Monday, October 30, 2017

It's "Heart of Darkness" all over again as U.S. war in Africa heats up

From CNN Online on Oct. 23:
Americans should anticipate more military operations in Africa as the war on terrorism continues to morph, Sen. Lindsey Graham warned Friday.
"This war is getting hot in places that it's been cool, and we've got to go where the enemy takes us," Graham told reporters on Capitol Hill.
We are embarked on another military spree. It's best to bone up on the literature of Africa, lest we make the same ignorant mistakes we made in Southeast Asia, the Middle East, Saharan Africa, Southwest Asia, Nicaragua, the Philippines, Dakota Territory, and so on.

My first thought was "Heart of Darkness" by Joseph Conrad. While a tad racist, it’s a magnificent cautionary tale for overseas adventurers with a terminal case of hubris. You know, Marlow and Kurtz, Willard and Kurtz. Francis Ford Coppola used the 1899 novel (and Michael Herr’s nonfiction “Dispatches”) as a blueprint for “Apocalypse Now.”

Four American Special Forces troops were killed in an ambush in Niger two weeks ago. Most of us didn’t know that the U.S. had troops in Niger. We had to look up the country on a map and practice our spelling and pronunciation of the country so as not to sound as stupid as Trump. It’s not Nigeria. Nijz-AIR, is as close as I can get. It’s near Chad and is poorer than that country, which is saying something. According to the Africa Guide, two-thirds of the country is desert and the northeastern part of the country is "mostly uninhabitable." Most Nigeriens live in the southern third of the country described as "savannah." That is where the U.S. has a base and where our troops were killed. 

We've got to go where the enemy takes us. 

Any Vietnam War novel should be instructive as Africa’s cold war gets hot. “The Quiet American” by Graham Greene is a good primer as it was written way back in 1955, long before our misadventure in French Indochina heated up in the 1960s. While Ken Burns PBS Vietnam War series has its flaws, special screenings should be held for Sen. Graham, President “My heel hurts and I can’t go to Vietnam” Trump, Mr. Tillerson, Gen, Mattis, and any other member of this passel of fools who hasn’t seen it. The PBS does an excellent job of following our descent into madness or, if you prefer, our own very special heart of darkness. Stanley Karnow’s “Vietnam: A History” is also an excellent historical account of the war.

Novels and poetry may be the best route into understanding how quagmires happen, and what the effects are on countries.

But Vietnam isn’t the only useful example. I have been researching World War I as background for a novel I am writing about the post-war years of 1919-1920 in my home state of Colorado. In the summer of 1914, the entire world lost its mind. Except for the U.S. – we waited until spring of 1917 to do so. A few nights ago, I watched most of the 1971 Brit film “Nicholas and Alexandra.” Nicky thought that dashing off vaguely friendly letters to his wife’s German relatives would keep Russia out of the war. Not only did Russia suffer millions of casualties, but the czar’s repressive policies fed right into the hands of the Bolsheviks. Decades of terror followed. And then the Soviets suffered their own Vietnam in Afghanistan. I have yet a read a novel about this war – I’m sure there are some good ones. We have our own novels coming out of the Afghan misadventures. It doesn’t end.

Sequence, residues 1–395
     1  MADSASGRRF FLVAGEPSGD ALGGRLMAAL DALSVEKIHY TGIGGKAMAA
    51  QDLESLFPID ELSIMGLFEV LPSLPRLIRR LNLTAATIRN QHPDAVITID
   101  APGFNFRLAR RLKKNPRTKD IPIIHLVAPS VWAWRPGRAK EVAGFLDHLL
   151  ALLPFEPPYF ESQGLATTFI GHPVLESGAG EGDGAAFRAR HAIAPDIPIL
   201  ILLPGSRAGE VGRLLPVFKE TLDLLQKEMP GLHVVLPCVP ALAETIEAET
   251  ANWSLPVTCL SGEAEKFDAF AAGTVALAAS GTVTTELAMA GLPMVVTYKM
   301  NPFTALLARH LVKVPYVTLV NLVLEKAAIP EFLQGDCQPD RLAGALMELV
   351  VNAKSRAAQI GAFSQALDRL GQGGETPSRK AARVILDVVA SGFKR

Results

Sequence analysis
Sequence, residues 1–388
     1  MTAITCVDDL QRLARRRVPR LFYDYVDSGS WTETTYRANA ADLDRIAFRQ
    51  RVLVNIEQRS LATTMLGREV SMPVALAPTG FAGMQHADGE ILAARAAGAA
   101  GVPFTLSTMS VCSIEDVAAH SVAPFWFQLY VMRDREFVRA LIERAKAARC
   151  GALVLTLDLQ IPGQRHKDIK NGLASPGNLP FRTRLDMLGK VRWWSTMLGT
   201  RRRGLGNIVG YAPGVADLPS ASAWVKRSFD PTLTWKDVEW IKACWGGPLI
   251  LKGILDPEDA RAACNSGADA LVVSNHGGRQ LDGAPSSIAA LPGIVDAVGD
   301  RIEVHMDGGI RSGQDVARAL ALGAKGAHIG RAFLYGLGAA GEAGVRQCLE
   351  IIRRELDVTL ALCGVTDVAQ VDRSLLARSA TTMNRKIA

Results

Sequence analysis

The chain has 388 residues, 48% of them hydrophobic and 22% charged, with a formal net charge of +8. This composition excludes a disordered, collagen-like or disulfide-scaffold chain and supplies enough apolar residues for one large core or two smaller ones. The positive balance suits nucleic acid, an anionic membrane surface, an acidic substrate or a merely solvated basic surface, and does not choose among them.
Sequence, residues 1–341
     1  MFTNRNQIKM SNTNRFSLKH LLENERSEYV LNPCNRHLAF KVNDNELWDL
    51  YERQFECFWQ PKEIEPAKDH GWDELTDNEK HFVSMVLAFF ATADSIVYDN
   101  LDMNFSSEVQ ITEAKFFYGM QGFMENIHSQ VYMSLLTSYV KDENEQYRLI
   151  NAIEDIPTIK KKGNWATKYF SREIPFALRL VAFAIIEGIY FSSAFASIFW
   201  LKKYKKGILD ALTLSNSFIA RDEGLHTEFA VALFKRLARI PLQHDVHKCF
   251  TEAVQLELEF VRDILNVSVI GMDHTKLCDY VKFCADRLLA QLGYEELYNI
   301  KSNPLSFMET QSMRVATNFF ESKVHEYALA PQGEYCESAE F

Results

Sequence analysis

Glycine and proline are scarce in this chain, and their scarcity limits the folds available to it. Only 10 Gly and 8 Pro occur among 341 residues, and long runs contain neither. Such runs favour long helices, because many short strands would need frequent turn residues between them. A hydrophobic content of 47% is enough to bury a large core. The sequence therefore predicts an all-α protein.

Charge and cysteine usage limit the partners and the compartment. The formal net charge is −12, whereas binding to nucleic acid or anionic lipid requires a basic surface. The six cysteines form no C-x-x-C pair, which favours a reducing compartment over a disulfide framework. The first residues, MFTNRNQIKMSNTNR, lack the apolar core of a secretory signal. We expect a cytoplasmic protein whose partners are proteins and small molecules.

The best novel I’ve read to come out of the American Wars of the New Millennium is “Billy Lynn’s Long Halftime Walk” by Ben Fountain. The juxtaposition of Billy Lynn’s shattered soul with the spectacle of the NFL Super Bowl took my breath away. It seems especially relevant now as we watch African-American players take a knee to bring attention to injustices wrought on the streets of the USA. And the critics say “Don’t mix politics with football.” Too late. America is all about these things: war and football and prejudice and spectacle and greed and cheerleaders in skimpy outfits.

I am woefully lacking in reading books by the writers of Africa. This is not a surprise, as English majors are woefully lacking in books outside those written in native English. I have read novels set in Africa by U.S. and British writers. Time to read a novel by an African author. A dedicated Ghanaian/American reader/blogger Darkowaa hosts a blog called African Book Addict! Go to her reading list at It would help if you also read French, German, or a selection of African dialects. 

We've been in Africa before. "Black Hawk Down" by Mark Bowden shows what happens when a country's military ventures into a place such as Mogadishu that it doesn't understand. The Horn of Africa can be a dangerous place. The U.S., once had military and naval bases in Ethiopia. Until it didn't. The Soviets moved in and Haile Salassie was a dead man. 

Maybe that’s the lesson of all of these works of art about wars past. It never ends. Humankind keeps making the same mistakes. We never learn.

We can keep reading. We will always have that. I hope we will.

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